Supporters of the efforts of the Coosa River Basin Initiative to enhance the quality of the waters that flow through Rome partied at the confluence of the Oostanaula, Etowah and Coosa rivers Saturday night. The annual River Revelry Biodiversity Bash is one of the CRBI’s larger fundraising efforts each year.
CRBI Director Jesse Demonbreun-Chapman said the group did not have a specific fundraising goal for the event this year.
He said partiers were made well aware of the fact that, for example, $500 raised during auctions could help pay for a school to enjoy a completely sponsored paddle trip, or $250 would pay for new water quality monitoring equipment.
Money generated by River Revelry goes to support the whole spectrum of CRBI activities from education to physical water quality monitoring to the review and comment on the large number of water discharge permits from industries who push water back into the rivers from a variety of chemical, manufacturing and power plants across the region. “There has been a lot of that this year,” Demonbreun-Chapman said.
Several people in attendance at the event were happy about the decision by the SPLOST Citizens Advisory Committee to include several projects that will draw more attention to the waterways.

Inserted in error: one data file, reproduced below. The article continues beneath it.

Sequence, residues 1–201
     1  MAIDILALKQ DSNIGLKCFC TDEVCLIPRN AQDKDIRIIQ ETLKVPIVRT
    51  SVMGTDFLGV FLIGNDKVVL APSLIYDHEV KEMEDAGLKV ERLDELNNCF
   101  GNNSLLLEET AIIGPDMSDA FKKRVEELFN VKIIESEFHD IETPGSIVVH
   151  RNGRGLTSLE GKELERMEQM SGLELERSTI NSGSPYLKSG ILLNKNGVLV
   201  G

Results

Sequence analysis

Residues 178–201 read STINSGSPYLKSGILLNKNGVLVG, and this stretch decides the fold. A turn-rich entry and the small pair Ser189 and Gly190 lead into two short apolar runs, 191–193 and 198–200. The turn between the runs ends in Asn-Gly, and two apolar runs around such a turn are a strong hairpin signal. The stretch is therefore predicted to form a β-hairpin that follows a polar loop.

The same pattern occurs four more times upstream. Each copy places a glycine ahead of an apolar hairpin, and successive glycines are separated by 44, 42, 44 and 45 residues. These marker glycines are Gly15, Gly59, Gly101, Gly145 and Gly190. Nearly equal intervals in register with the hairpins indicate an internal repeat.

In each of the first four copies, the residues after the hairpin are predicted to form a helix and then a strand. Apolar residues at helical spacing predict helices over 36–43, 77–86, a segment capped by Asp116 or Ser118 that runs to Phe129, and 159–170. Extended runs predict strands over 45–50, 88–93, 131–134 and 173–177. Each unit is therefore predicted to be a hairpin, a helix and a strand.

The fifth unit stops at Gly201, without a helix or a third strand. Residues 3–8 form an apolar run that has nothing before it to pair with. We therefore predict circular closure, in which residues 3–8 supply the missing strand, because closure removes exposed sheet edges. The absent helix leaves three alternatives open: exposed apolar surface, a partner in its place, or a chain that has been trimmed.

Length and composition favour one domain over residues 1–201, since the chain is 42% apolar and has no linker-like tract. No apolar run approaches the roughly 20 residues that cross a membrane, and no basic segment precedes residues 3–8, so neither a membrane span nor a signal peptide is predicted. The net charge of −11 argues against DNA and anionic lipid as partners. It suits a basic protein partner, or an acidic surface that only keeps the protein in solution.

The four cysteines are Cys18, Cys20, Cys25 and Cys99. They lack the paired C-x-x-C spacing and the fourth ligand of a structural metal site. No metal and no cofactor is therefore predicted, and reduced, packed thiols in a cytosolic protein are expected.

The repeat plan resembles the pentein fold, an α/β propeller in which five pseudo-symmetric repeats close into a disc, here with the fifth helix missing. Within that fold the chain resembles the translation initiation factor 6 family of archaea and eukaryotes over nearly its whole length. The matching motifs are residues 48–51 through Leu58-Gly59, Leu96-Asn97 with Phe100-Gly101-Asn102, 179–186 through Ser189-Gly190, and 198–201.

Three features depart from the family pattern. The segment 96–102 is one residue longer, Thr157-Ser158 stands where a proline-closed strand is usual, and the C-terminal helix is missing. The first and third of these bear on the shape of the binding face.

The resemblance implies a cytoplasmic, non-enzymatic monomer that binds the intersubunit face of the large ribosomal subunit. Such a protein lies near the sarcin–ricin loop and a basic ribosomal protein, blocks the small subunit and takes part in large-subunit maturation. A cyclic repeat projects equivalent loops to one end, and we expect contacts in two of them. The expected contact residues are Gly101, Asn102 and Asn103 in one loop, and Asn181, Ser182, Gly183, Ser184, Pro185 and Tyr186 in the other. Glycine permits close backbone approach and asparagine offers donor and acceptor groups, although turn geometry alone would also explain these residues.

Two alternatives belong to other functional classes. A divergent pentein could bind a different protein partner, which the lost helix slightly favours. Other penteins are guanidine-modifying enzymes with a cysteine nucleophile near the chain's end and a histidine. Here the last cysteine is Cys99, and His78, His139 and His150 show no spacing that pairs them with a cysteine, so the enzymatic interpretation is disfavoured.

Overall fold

The project list includes $3.6 million for soft launch sites, riverside campsites, a community boathouse, signs and an expansion of the Rome-Floyd ECO River Education Center. Dr. Frank Harbin said he was particularly happy with improvements that are being planned for the Brushy Branch/Montgomery Landing area off the Coosa River. Kayaking enthusiast Nina Lovel was happy with the possibility of funding for two additional launch locations on the local rivers.
New to the event this year was a Taco Take Down competition and a Lip Synch contest, both of which proved to be popular with the crowd that packed into Heritage Park. Bennie Gray and the Trailer Park Cowboys provided live entertainment throughout the night.
The next big event for CRBI is a Fish Weir Paddle on the Etowah River on Saturday. Paddlers will put in at the ramp on U.S. 411 in Bartow County and work their way 17 miles to the west, and takeout at Dixon Landing near Grizzard Park at the East Rome Bypass. The course allows paddlers to see several native American fish weirs, or fish traps, which helped feed the natives hundreds of years ago.
For more information, contact CRBI at 706-232-2724.